“Everybody but you is an expert on blackness; if you drink milk and not Kool-Aid, people think you’re weird,” wāni says.
After several resettlements around the North Island, his family managed to finally settle in Auckland, and things seemed like they were getting better—until wāni started school.
“Everybody else was behind. I was doing their high-school-level thinking, but I couldn’t even get into a normal class because they weren’t sure of my schooling and my English-language abilities,” wāni says.
For his parents, finding employment and having their qualifications recognized in New Zealand caused additional stress, giving him an intimate look into the comprehensive effects of racism.
“Man, it was just … rife,” he says.
Now, as a postgraduate student at the University of Melbourne, wāni is cognizant of how racial and economic disparities in opportunity and employment play roles in shaping the dynamics within black and brown communities in New Zealand. He cites shocking levels of intimate and family violence against children and women, of which New Zealand has the highest rate anywhere in the world, as a problem that has not been addressed.
“Child mortality for kids that are being beat to death is crazy—but nobody talks about it,” he says. “It affects black and brown communities, specifically Pacific Islander communities.”
Having grown up in a place with so many people who were minorities but not necessarily black, wāni says that he’s now much more aware of how his actions affect other black and brown queer people, citing the undercover nefariousness of being classified as a “model minority.”
“I’ve really had to learn what my footprint does. … I gotta remember how what I say affects other people, like brown people, Maori people,” he says. In that sense, he’s trying to create more space for people of color in New Zealand to exist outside of a narrative that ascribes blackness only to African Americans.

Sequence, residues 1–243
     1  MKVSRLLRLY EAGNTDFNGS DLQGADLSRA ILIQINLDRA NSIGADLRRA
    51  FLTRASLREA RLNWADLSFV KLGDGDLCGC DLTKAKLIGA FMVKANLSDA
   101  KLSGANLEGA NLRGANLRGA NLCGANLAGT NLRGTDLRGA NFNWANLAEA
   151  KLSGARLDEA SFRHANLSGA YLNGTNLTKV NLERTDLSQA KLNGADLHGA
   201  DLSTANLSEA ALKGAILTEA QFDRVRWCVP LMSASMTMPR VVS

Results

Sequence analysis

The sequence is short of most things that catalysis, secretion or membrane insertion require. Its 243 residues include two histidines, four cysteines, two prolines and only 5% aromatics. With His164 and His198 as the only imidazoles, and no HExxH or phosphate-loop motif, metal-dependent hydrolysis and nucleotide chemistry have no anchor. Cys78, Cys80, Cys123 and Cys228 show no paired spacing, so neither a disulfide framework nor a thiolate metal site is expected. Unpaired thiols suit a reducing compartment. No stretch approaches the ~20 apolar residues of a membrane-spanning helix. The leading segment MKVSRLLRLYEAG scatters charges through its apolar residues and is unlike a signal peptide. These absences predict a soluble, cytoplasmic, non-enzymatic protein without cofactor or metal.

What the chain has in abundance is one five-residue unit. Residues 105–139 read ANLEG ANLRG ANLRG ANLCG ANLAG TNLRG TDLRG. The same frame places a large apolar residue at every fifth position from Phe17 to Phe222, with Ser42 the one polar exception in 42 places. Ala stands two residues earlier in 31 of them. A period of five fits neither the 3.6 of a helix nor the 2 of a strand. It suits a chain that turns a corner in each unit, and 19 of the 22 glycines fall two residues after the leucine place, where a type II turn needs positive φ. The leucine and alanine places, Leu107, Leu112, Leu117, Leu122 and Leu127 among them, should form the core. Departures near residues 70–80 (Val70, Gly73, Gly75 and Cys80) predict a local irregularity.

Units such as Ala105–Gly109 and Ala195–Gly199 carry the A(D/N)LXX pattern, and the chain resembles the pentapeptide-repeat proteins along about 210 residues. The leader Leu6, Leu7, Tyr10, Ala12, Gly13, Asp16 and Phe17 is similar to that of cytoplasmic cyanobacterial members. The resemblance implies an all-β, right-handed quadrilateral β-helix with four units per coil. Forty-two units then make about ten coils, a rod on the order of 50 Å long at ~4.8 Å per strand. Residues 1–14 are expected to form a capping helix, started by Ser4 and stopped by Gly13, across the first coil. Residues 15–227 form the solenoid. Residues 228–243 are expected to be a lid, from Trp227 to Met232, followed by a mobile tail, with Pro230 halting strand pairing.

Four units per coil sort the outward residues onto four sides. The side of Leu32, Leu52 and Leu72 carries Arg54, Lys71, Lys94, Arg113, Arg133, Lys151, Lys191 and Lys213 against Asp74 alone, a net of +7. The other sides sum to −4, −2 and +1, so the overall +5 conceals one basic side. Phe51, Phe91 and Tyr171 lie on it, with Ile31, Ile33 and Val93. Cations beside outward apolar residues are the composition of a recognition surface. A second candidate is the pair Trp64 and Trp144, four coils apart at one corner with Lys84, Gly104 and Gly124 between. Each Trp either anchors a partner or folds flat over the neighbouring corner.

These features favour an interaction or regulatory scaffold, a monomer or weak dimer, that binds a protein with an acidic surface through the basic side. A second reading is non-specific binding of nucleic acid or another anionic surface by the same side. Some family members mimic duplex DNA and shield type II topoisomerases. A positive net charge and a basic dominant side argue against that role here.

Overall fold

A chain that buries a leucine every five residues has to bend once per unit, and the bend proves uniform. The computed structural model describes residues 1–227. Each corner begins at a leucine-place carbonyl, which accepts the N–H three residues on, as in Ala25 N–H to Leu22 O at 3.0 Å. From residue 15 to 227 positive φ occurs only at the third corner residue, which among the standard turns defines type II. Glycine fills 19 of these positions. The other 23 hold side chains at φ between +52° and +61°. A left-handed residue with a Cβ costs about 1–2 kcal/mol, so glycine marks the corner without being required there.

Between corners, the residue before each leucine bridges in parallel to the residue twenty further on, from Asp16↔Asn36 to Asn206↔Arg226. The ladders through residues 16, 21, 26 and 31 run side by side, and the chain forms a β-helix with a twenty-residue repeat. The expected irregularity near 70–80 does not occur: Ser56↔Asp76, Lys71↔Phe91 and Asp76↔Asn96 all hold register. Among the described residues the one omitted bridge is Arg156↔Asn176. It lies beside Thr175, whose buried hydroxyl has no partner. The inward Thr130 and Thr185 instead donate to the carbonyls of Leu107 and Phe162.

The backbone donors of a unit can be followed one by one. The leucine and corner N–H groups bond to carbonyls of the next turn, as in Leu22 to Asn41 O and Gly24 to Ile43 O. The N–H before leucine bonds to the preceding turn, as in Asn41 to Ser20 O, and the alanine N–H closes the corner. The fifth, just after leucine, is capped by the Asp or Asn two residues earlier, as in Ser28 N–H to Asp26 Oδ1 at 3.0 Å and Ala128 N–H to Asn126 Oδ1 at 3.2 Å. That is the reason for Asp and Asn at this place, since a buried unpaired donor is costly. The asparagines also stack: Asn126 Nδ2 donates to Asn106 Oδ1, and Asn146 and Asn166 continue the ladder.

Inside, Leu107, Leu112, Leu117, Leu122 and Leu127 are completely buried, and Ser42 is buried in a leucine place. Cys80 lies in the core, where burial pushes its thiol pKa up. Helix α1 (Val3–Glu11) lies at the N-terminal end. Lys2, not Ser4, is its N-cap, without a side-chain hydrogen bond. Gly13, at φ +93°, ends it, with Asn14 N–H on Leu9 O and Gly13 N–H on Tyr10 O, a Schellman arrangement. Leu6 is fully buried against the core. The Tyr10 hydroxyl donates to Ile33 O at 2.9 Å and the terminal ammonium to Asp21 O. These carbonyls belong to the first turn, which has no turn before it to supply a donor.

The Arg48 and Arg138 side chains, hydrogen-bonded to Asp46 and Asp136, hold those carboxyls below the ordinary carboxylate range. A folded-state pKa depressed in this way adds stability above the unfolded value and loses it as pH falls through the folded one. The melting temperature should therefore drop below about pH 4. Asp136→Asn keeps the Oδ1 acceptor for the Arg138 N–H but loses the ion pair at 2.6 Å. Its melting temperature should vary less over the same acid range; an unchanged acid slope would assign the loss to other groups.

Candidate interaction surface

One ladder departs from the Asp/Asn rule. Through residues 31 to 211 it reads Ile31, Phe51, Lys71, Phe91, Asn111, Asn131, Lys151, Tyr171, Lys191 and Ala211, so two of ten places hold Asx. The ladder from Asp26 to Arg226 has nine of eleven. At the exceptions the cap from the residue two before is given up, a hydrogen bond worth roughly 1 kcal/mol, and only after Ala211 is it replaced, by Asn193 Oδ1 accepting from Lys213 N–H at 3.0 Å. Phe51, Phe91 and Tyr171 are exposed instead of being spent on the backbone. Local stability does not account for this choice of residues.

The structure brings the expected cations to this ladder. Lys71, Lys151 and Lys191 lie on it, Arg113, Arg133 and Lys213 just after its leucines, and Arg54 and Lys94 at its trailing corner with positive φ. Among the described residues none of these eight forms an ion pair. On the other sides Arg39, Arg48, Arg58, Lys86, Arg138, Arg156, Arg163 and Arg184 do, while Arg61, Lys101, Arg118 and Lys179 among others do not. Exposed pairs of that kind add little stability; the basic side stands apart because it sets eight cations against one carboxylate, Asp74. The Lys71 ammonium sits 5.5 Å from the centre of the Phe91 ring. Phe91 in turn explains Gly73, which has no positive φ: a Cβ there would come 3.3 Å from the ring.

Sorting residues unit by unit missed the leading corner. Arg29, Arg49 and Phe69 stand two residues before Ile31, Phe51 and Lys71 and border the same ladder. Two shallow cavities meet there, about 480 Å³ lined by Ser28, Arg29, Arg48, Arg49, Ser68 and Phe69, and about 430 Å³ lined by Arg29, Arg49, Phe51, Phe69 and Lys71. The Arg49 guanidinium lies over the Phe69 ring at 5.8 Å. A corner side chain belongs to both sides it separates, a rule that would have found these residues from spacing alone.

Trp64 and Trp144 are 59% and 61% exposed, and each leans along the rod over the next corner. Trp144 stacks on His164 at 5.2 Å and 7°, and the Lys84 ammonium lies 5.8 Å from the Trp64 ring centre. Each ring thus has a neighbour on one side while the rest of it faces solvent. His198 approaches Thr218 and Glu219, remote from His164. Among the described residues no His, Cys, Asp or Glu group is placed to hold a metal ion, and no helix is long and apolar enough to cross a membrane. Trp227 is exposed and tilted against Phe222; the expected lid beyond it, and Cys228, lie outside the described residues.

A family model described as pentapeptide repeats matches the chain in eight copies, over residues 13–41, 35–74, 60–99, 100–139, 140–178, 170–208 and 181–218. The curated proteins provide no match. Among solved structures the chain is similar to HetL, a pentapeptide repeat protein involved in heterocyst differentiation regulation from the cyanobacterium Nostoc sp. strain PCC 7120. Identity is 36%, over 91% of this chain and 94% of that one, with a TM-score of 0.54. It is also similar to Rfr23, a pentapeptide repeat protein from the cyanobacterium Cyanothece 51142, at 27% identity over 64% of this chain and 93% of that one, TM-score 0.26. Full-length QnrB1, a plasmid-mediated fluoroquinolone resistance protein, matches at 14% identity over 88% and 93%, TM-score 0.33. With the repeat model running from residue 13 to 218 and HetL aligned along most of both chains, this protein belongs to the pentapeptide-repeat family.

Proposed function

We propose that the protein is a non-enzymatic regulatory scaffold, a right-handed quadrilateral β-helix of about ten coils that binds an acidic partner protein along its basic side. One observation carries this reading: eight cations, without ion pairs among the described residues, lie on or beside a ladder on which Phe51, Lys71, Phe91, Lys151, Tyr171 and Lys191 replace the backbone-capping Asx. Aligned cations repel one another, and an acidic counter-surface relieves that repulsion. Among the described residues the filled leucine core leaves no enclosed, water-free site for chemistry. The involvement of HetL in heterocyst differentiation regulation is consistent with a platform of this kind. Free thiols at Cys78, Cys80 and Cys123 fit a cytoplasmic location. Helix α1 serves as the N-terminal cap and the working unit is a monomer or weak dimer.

“We’re all trying to be African Americans, because that’s the only image of black people anyone ever sees,” he says.
Janina* sighs heavily when I tell her this. It’s an observation that’s marked her experience, too. Originally from Chicago, she moved to Auckland five years ago after a brief stint in Wellington to work in marketing, and found that she was immediately pitted against African Kiwis and Maori Kiwis as the “model minority.”
“At first it was really strange. A lot of people approached me as being ‘authentically black,’ thinking that I would want to talk about hip-hop, and know how to sing.,” she says. “At first I thought they were joking, but then their faces were dead serious.”
If Janina listens to rock music or pop music in the office where she works, people automatically get weirded out with arcane comparisons that make absolutely no sense. “Someone actually said to me, ‘But … my Maori friends only listen to hip-hop.’ She looked so sad!” she says.
“It took some time to wrap my head around the fact that ‘black’ here means something very different from ‘black’ in America. … [‘Black’] can mean Maori, Pacific Islander, African or African American,” she adds.
Despite occasionally disappointing people by not being a hip-hop artist, Janina says it beats her lifestyle back in Chicago by a mile. She lives in a nice flat, is in a loving relationship, and has found a supportive community of black and Maori friends with whom she can wax lyrical about issues that matter to her.
“That’s made a huge difference, finding a tribe … now I realize that [living] in America as a black woman was a hazard to my health. I just wish it weren’t so far away from my family,” Janina says.
When I inquire about her love life (because I freaking HAD to know), she’s quick to note that fetishism is still a big problem, but she feels lucky to have fallen in love with someone who has a similar narrative.
“Maybe because it’s he’s part Maori, he gets it,” Janina says. “I don’t need to explain things like cultural appropriation to him because he’s able to relate, even if it’s from a completely different culture. He’ll say things like, ‘There goes another white guy with a Maori tattoo,’ and I hear where he’s coming from, too.
“I feel safe here, the health care is amazing and people are, like, really cool, even if they’re a little ignorant,” Janina adds.
It’s a sentiment echoed by wāni, who, despite his trouble growing up, agrees with Janina’s assessment. “Everyone is willing to help. Kiwis are just super nice.”
Even though they have completely different experiences, wāni and Janina both feel that they have found a home in New Zealand.
“I think New Zealand is one of the most beautiful places I’ve ever been. I reckon it’s definitely the place where I’ll retire,” wāni says.
When asked if she would recommend Auckland to others, Janina doesn’t hesitate: “Absolutely—but do your research; sort your visa out beforehand, because they ain’t playin’ right now. ... Just come with an open mind.”
“And don’t get too hard about cultural appropriation,” wāni is quick to add, “because you’re gonna get hurt.”
*Name has been changed at subject’s request.